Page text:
In many cases it is possible to avoid explicit calculation of the inverse matrix. Say, if you want to solve linear equation A·x=b, you can do so by calculating inverse matrix A^{ -1} and by performing matrix-vector multiplication. But far better approach is to use functions of densesolver subpackage which can solve linear system without forming A^{ -1} explicitly. You still have to perform LU/Cholesky decomposition, but at least you can skip matrix inversion phase. Another option is to use TRSV/TRSM (triangular solve-vector/solve-matrix) functions of ablas subpackage.
The general rule is that if you do not need coefficients of A^{ -1}, but merely its product with some matrix/vector, there usually exists better way that explicit calculation of A^{ -1}.
Naive implementation of the matrix inversion algorithm involves three nested loops, with inner one sequentially accessing all elements in the row/column. Such basic implementation, however, has major efficiency problems with matrices larger than 64x64 due to CPU cache issues. Algorithm performance can be as low as 10% of overall CPU potential, with most of the time being spent in cache misses.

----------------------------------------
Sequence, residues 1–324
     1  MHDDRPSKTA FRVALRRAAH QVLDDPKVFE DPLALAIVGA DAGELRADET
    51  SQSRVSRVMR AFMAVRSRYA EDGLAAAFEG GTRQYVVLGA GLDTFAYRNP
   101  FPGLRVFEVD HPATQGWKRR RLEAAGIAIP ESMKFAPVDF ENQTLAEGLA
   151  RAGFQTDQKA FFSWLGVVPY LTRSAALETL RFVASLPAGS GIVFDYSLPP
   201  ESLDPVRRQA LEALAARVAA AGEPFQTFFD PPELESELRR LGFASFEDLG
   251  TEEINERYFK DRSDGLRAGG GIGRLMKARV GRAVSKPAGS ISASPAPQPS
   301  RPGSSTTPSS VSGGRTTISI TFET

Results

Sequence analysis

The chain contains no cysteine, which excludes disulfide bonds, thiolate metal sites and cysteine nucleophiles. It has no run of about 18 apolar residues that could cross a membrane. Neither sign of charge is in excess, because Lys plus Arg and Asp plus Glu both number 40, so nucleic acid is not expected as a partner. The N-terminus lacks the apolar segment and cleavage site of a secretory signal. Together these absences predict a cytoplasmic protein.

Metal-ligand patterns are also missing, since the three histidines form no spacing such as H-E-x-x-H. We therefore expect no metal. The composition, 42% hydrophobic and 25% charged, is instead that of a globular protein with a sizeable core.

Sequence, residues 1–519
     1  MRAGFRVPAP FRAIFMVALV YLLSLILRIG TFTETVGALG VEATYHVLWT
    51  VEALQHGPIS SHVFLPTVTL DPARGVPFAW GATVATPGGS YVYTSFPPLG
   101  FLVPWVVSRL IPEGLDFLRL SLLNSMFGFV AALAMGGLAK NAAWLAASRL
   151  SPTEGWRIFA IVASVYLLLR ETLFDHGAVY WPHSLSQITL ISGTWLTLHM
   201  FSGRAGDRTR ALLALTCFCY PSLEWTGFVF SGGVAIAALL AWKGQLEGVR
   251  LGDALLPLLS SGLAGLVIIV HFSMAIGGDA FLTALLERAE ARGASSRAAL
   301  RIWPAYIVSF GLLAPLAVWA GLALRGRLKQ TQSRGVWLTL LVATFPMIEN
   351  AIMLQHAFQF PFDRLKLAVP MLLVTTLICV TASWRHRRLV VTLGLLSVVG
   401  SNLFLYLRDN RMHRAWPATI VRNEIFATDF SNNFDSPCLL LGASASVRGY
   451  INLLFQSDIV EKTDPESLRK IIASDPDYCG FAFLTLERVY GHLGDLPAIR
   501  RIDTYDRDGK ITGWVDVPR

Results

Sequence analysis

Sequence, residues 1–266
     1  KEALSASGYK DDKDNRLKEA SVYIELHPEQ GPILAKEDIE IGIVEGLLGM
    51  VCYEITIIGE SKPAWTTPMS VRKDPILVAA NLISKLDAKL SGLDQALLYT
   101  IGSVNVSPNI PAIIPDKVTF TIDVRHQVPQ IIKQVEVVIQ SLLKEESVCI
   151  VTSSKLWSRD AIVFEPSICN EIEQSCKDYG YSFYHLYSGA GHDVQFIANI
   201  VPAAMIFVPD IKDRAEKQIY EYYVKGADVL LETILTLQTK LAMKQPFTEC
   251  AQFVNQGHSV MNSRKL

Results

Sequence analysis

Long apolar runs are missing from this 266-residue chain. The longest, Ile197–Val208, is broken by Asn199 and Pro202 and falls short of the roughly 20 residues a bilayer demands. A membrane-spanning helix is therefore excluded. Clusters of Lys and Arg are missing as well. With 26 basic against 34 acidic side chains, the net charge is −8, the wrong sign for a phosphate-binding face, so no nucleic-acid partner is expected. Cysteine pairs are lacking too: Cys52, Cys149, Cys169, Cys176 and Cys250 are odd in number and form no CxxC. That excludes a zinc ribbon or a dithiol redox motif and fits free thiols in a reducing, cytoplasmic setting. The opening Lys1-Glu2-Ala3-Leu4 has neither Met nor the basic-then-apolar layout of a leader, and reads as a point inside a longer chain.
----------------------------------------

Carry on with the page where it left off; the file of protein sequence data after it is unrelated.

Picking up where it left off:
The better solution is to use block-matrix approach, which splits large matrix into smaller blocks:
Such decomposition of larger problem into several smaller ones can be performed repeatedly several times, until operands fit into L1 cache of your CPU. If you perform decomposition in the recursive manner, with both operands having similar size, it is called "cache-oblivious approach". And if you prefer to factorize out small 32x32 (or similarly sized) chunk at the beginning/end of the problem, it is called "block-matrix approach". ALGLIB combines both approaches to deliver you best performance possible.